Some of the people who would most benefit from a program like the one Greg mentioned in his post are not people who dwell in Third World countries but those who live right here in the US. The poverty level is rising here; between the economy, the dire straits of the housing market, and the slate of natural disasters that have displaced thousands of people in the US in the last to 2-3 years, the need for affordable, sustainable, and morale lifting housing is needed more than ever.

    So, yeah... one house to an underprivileged person or family for every one that is bought could work... but why not here?

  3. Scattered comments:
    First I think the Abod shelter is the neatest disaster/emergency shelter plan I've seen. Substantial, yet easy to build. Keep wondering when they'll go into production.

    Second, I think the buy-one/send-one is an excellent idea, tho more pricey than the laptop program.

    Third, an answer to this question:
    >So, yeah... one house to an underprivileged person or family for every one that is bought could work... but why not here?

    Not here because in the US, home ownership has two primary functions, and shelter is only the second one. The first, as we've structured our tax laws and culture, is wealth-building. We obligate ourselves to own a home (of whatever size) not just to have a place to live but to have a savings account that allows us to accumulate wealth while staying out of the rain/snow/heat.

    So in the American culture, if we sent out a 2nd Abod to a homeless person, he/she'd have to have a piece of property on which to erect it. Property ownership is much more strictly controlled here -- and squatting much less tolerated.

    Likewise, there'd be no residual wealth in such a home. "Manufactured homes" (house trailers, mobile homes) have virtually zero capital value. Even the Habitat homes have this problem -- they're sometimes not built for the long haul and hence have no long-term value in lifting their inhabitants out of poverty.

    The current downturn/recession is showing the weakness of homeownership as a wealth-building mechanism, but that's because financiers AND homeowners began to play fast and loose with the rules. The economic payoff for that is proving to be rough and not just for the US.

    If you don't have shelter, it's the most important thing in the world; but, once you're out of the rain, its function changes to assembling family capital.

  4. Anonymous4:24 AM

    Not to rain on the shedworking parade, but I would say that the bigger problem in most developing countries isn't the lack of materials, but the lack of land reform. I live in Kathmandu, and there are tons of makeshift shelters that squatters throw up that are comparatively warm and comfortable - I live in a concrete house that's often colder than the ambient air temperature. But it sits on its own lot. What use is a fancy shed when the government will just kick you off the land it's been put up on?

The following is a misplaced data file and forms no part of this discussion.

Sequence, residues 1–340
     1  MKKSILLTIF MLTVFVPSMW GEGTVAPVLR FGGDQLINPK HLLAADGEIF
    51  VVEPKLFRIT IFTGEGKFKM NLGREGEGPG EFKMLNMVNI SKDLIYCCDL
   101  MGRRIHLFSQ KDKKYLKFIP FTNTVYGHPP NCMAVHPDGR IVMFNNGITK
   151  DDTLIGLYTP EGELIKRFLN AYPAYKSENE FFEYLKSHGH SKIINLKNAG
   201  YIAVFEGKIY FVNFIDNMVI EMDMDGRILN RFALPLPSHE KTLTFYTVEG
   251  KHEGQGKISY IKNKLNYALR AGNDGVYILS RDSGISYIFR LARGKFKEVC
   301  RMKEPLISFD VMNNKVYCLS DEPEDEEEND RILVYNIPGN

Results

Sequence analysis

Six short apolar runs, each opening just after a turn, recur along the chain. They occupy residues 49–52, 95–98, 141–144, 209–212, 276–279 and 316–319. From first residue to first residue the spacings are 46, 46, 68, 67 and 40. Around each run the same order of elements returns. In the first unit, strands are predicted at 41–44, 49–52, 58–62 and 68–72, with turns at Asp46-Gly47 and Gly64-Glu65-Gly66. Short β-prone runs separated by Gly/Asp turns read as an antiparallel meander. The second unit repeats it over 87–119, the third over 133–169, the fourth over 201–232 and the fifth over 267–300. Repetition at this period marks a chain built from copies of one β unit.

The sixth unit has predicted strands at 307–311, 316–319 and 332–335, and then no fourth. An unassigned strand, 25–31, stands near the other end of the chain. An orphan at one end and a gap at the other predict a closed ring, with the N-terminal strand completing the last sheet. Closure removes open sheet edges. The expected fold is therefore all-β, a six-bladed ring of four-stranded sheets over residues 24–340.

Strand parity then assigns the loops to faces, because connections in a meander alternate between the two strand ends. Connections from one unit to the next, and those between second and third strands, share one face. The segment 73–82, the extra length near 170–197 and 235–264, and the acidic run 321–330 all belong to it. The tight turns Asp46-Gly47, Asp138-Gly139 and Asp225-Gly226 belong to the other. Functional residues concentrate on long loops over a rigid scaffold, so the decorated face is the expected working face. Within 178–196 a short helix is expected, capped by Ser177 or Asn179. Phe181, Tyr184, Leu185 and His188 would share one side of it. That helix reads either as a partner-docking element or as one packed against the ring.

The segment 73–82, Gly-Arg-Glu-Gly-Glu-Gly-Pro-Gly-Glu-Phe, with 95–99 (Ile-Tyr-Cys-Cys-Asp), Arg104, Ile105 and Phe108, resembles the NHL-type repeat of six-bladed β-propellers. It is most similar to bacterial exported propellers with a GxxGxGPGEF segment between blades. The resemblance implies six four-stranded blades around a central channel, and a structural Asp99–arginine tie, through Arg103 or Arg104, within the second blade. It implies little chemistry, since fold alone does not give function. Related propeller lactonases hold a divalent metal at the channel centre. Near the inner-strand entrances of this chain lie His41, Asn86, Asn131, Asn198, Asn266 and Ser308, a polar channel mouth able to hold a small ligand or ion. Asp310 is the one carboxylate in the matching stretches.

5. Anonymous' remarks bring up a good point. If you don't own the land, then you're really just living in a refugee camp. That's not at all the goal. I assume, actually, that if you do own the land then to some degree local building materials could be available, and indigenous architecture might be a better building solution than any prefab shelter. I'm starting to see the OLPC model break down in this application - is there really someone out there who needs this? Maybe what they need more is some greater degree of socio-economic freedom or political reforms. I've seen some pretty scary places in India - scary by USA standards - and shelter seemed to be available if only makeshift, while the bigger problem is clearly power and sanitation (infrastructure). The nice thing about OLPC is that it recognizes the lack of infrastructure, and provides tools to circumvent that problem, giving people the power to create their own informal networks without needing a grid. An OLPC style housing solution needs to offer the same. But still, if you don't have land to put it on you're going nowhere. Interesting problem.

    On the other hand, I think of Katrina and how hard it was to provide some decent short-term shelter. The trailers they came up with were awful. Clearly we can do better than that.

  6. Hmm, very interesting thoughts John. Immediately my mind jumped to the sheds roofed with solar panels, creating a local power grid. Sanitation and plumbing are not quite as obvious a leap. I've seen projects that attempt to address these issues though - a really tough water pump for developing nations, water purification systems, and the stirling engine seems to be kicked around as a flexible power generator.